Challenges before the government:
Too stringent a policy of policing social media could violate the individual’s right to privacy.
It’s not easy to force Facebook Inc., the owner of WhatsApp, to give up on the app’s unique selling proposition to the user of complete end-to-end confidentiality.
Any conversation on additional regulation of social media brings up concerns about privacy and surveillance.
Therefore, any bid at regulating expression online has to be proportional and concrete with adequate redressal mechanisms and without any blanket provisions.
The Siachen glacier is “now open” for tourists and tourism.
Lies in the Karakoram Range system which is a part of western Himalayas.
Lies to the south of the zone that separates Eurasion Plate with the Indian Plate, which is the result of convergence boundary interaction in geographical terms.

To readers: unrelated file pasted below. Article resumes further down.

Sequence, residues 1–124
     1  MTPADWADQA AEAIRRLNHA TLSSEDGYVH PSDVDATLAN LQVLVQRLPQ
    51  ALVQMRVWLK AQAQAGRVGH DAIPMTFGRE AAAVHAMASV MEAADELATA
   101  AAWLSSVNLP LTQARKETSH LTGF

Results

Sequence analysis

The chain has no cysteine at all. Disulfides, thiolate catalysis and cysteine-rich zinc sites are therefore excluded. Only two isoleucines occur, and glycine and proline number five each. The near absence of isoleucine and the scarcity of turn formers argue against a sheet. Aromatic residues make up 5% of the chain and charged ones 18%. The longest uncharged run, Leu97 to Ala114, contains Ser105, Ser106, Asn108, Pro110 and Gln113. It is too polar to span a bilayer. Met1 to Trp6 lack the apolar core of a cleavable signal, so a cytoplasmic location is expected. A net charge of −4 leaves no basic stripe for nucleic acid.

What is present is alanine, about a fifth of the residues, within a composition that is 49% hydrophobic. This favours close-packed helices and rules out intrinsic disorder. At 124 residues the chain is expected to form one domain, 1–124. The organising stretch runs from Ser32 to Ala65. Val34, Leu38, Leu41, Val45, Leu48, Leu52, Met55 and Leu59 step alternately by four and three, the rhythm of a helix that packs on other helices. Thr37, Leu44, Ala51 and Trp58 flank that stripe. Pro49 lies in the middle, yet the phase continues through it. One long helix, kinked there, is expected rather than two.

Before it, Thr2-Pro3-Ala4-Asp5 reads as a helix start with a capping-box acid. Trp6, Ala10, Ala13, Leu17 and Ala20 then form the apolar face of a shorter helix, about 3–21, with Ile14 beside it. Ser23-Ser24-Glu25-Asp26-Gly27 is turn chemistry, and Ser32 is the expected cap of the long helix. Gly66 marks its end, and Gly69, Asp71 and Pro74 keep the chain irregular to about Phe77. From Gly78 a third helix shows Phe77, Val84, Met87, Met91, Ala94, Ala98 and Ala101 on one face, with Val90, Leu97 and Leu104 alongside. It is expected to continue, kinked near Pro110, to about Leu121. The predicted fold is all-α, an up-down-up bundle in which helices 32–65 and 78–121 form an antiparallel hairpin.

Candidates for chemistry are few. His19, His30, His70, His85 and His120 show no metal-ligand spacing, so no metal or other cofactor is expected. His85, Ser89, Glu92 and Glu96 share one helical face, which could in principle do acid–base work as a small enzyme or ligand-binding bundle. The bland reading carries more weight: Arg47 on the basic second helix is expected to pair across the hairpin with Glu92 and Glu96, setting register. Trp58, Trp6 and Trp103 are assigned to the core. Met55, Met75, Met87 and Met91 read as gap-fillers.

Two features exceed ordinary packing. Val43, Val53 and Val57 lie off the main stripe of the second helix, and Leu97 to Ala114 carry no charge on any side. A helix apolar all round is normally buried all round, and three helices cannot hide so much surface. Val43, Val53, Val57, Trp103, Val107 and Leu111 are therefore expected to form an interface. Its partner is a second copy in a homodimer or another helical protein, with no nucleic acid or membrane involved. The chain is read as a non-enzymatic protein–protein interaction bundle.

It is the highest battle field in the world and lies on LoC (Line of Control) between India and Pakistan. It has been continuously contested by Pakistan as its own part which has led to militarisation of the glacier.
After the Indo-Pakistan war in 1971, an agreement was signed between the two countries in 1972, which came to be known as the Shimla Agreement, but it failed to clearly mention who controls the glacier.
However, in 1984, the Pakistan army tried to enter the glacier, forcing India to launch a military operation known as “Operation Meghdoot” and since then we have control over the glacier. A ceasefire agreement was signed between India and Pakistan in 2003
The glacier is the source of many rivers including Nubra River, a tributary of Shyok, which is a part of the Indus River System.
Siachen Glacier also boasts of the world’s highest helipad built by India at Point Sonam, to supply its troops. India also installed the world’s highest telephone booth on the glacier.